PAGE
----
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First and foremost, a disclaimer: I've attempted to search for duplicates that answer my question, but I did not find any. Sorry if they exist. Also, I know that questions here are supposed to result in objectively correct answers. However, in a problem that inherently involves trade-offs, I believe that an answer including pros & cons is the closest we can get to objectivity.

I am designing a database that would allow a user to analyze different parts' percentage composition of a whole throughout time. However, the full list of the parts are currently unknown (and can't be known). User input will expand the list of parts as needed. I'm having an internal battle between the data purist telling me I should normalize and the pragmatist arguing, "but the queries would make so much more sense and be so much simpler if it were all in one table."

For the sake of simple explanation, let's describe the problem as a shopping list:

  • Session 1: Anna purchases 12 apples for $5, a gallon of milk for $2.50, shredded cheese for $2.50, and a package of batteries for $10. So Session 1 would result in a composition of [[apples, 0.25],[milk, 0.125],[cheese, 0.125],[batteries, 0.50]].
  • Session 2: The next day Bob purchases 6 apples for $2.50 and 2 gallons of milk for $5.00. Composition: [[apples, 0.33],[milk, 0.67],[cheese, 0],[batteries, 0]].
  • Session 3: Finally, Casey purchases batteries and a new "Item" category, pizza, resulting in this composition: [[apples, 0],[milk, 0],[cheese, 0],[batteries, 0.75],[pizza, 0.25]].

After Session 2, we graph the composition of milk across time and we get the following: [[Session 1, 0.125],[Session 2, 0.67]. It's important to note that at the end of Session 2, we would not yet know that pizza is (about to be) a desired option in the shopping list.

After Session 3, we graph the composition of pizza across time, and we get the following [[Session 1, 0],[Session 2, 0],[Session 3, 0.25]].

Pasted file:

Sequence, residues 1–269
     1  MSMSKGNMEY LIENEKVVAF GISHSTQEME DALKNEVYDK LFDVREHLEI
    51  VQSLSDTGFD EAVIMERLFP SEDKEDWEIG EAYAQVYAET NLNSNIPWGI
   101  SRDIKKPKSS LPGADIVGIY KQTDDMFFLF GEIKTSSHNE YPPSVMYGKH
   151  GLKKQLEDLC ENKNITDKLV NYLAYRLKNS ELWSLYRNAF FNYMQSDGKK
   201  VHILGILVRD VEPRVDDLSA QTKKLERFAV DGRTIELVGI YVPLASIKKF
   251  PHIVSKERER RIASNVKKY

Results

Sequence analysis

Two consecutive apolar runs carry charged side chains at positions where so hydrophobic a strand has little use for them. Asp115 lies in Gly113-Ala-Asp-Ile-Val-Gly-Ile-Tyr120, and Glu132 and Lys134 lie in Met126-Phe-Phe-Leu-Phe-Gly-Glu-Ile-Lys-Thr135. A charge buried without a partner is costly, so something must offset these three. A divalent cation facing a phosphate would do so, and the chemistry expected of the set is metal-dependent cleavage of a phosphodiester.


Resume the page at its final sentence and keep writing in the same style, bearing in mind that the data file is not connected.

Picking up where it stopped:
One way to record this data would be to put all data in one "Sessions" table (which to a human brain makes the most sense):

Sessions:

SessionID  |  apples  |  milk  |  cheese   | batteries |  pizza
-----------|----------|--------|-----------|-----------|---------
   1       |    0.25  |  0.125 |    0.125  |  0.5      |  0
   2       |    0.33  |  0.67  |    0      |  0        |  0
   3       |    0     |  0     |    0      |  0.75     |  0.25

Of course, the "pizza" column wouldn't be added until Session 3

I think I understand database design enough to know that it would be considered bad practice to alter the Sessions table, adding a column every time a new "Item" category was purchased (even when I could reliably set default to 0 where null..say in prior sessions where that item was not purchased). Instead, my understanding of a potential solution would be moving the "Item" data to two new tables (in addition to the Sessions table, which would contain other information particular to each session not included in the sample table above such as ShopperID, etc.). My understanding is that the larger # of potential "Items" there may be, the more sense it makes to normalize like this:

Items:

ItemID |  ItemName
-------|------------
   1   |  apples
   2   |  milk
   3   |  cheese
   4   |  batteries
   5   |  pizza

SessionItems:

SessItemID |  SessionID  |  ItemID  |  Composition
-----------|-------------|----------|--------------
   1       |      1      |    1     |    0.25
   2       |      1      |    2     |    0.125
   3       |      1      |    3     |    0.125
   4       |      1      |    4     |    0.5
   5       |      2      |    1     |    0.33
   6       |      2      |    2     |    0.67
   7       |      3      |    4     |    0.75
   8       |      3      |    5     |    0.25

This seems to be the "best" from a pure relational perspective. But it also seems that it will be a huge pain (and perhaps other cons) in practice when I am trying to first JOIN three tables and then analyze the trends across time in the joined tables.

Additionally, let's say I have a fair level of confidence that the list of "Items" in my actual database will stay relatively small...let's say 98% sure it will stay less than 10 items. Would it make more sense in this situation, for the sake of query simplicity, to stick to one Sessions table altering it by adding columns for the additional "Items" as needed?

In Conclusion: What are the pros and cons of normalization vs. denormalization in a database that includes categories, the number of which will increase through user input over time, especially when the ultimate goal is to analyze the trends of those categories over time?

  • 1
    This is not about normalization, but rather "tall" ("long") vs. "wide" table design. The internet is full of opinions in favour of each approach; choose whichever you agree with more. You'll probably change your mind later either way. – mustaccio Jun 24 at 18:52
  • @mustaccio I think it is about normalization. Couldn't apples, milk, cheese, batteries, and pizza, alternatively be called Item1, Item2, Item3, Item4, Item5? In this case, wouldn't it violate 1NF because it is a "repeating group" of columns? As for "the Internet," I know that there are many opinions existing there. However, I tend to trust this platform as an effective method for ranking existing opinions, which is why I asked the question here after reading several resources on the web. – snoski Jun 25 at 0:52

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